7. Stable Isotope Probing (SIP)

7.1 Summary of SIP

The stable isotope probing (SIP)A synthesized form of the contaminant containing a stable isotope (e.g., ¹³C label) is added. If biodegradation is occurring the isotope will be detected in biomolecules (e.g., phospholipids, DNA). method includes a family of techniques that all use individual contaminants (probes) that are enriched with stable isotopesForms of an element that do not undergo radioactive decay at a measureable rate. (such as 13C-labeled benzene or 15N-labeled RDX) to characterize contaminant-specific biodegradationA process by which microorganisms transform or alter (through metabolic or enzymatic action) the structure of chemicals introduced into the environment (USEPA 2011). processes. The underlying principle of all SIP techniques is that biodegradation of isotopically-enriched contaminants results in the selective labeling of biomoleculesClasses of compounds produced by or inherent to living cells including phospholipids, nucleic acids (e.g., DNA, RNA), and proteins. such as DNA, RNA, or phospholipidA type of biomolecule that is a primary structural component of the membranes of almost all cells. fatty acids (resulting in 13C- or 15N-lableled DNA or 13C-labeled fatty acids) in organisms that are responsible for degradation. A flow diagram showing the basic protocol for SIP studies is provided in Figure 7-1.

Additional detailed information about the types of SIP analyses and their methodologies is available in the SIP Fact Sheet and in Section 7.4

7.2 Applications

Most current applications of SIP technique make use of contaminants that have enriched levels of 13C. 13C-based SIP techniques can potentially be applied to any type of environmental sample and can also be used to examine the biodegradation of any compound that is used by microorganisms as a sole (or predominant) source of carbon for growth. However, in current practice, SIP is used for two main purposes; (a) demonstrating that a specific contaminant undergoes biodegradation in a specific environment (PLFAPhospholipid fatty acids derived from the two hydrocarbon tails of phospholipids.-SIP) and (b) identifying organisms involved in specific biodegradation processes (DNA/RNA-SIP).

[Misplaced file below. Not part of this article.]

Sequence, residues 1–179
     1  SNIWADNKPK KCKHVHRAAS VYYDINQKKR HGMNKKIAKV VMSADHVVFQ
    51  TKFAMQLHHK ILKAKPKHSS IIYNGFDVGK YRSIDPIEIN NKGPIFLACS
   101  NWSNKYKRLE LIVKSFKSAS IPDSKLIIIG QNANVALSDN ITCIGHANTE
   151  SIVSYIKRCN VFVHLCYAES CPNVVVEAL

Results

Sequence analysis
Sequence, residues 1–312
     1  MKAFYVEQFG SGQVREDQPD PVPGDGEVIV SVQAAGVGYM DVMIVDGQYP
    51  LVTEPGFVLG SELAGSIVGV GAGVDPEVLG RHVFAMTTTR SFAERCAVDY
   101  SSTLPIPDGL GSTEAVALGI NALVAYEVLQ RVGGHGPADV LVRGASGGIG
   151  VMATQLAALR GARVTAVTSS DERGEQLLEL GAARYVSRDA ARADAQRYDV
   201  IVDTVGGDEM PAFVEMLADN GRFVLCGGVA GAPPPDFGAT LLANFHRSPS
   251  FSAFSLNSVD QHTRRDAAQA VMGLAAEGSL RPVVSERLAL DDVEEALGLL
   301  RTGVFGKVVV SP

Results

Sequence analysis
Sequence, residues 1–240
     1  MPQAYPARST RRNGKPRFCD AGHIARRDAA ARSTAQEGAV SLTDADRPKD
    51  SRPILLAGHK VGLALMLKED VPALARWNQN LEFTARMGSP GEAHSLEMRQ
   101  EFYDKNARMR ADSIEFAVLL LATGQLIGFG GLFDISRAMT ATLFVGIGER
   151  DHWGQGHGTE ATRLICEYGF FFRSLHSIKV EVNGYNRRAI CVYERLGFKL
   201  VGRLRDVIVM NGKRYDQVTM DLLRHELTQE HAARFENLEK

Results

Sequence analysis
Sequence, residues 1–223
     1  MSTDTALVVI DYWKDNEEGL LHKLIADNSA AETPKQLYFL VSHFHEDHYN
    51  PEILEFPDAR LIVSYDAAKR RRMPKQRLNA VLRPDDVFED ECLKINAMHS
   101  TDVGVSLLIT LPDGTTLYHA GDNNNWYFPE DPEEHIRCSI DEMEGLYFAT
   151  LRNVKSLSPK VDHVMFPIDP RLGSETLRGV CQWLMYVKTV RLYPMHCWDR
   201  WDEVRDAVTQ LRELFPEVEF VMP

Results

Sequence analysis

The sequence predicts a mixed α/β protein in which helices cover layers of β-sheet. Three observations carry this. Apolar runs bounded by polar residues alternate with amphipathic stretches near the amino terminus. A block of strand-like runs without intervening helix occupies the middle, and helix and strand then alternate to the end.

7.3 Data Interpretation

The application, analysis, and interpretation of microbiology-based EMD methods differ from typical soil and groundwater geochemical measurement in a number of ways. For example, microbial biomarkers cannot easily be preserved, and sample handling and processing requires special care. The analysis of microbial parameters requires specific data quality considerations for sampling plans, sample collection and handling, quality control and laboratory procedures, and these are discussed in Section 10. Included below is a brief introduction to how SIP data are typically reported and some specific examples of how the data would be interpreted in answering the questions presented in Table 2-3.

7.3.1 How are the data reported?

Included in Table 7-2 below is information that should be provided in laboratory reports of SIP data including common laboratory report information, recommended information about the SIP method, and desirable information about the SIP method and results.

Additional information regarding sample handling and collection can be found Section 10.4 and Section 10.5

7.3.2 How are the data interpreted?

For the most part, SIP techniques are not inherently quantitative and their primary use in contaminant biodegradation studies is to demonstrate whether the contaminant biodegrades under a given set of environmental conditions. More elaborate studies can refine this information and identify which organisms are responsible for any observed biodegradation activity. To illustrate interpretation of SIP results, each question relevant to SIP in Table 2.3 is discussed.

7.3.3 Practical considerations

7.4 Additional Information

7.4.1 Method Details

7.4.2 Permitting and Regulatory Issues Specific to SIP

7.4.3 Variations or newer methods that the user may encounter

7.4.4 Additional Information

Further reading specific to SIP is provided in Appendix F.

Publication Date: April 2013

Permission is granted to refer to or quote from this publication with the customary acknowledgment of the source (see suggested citation and disclaimer).


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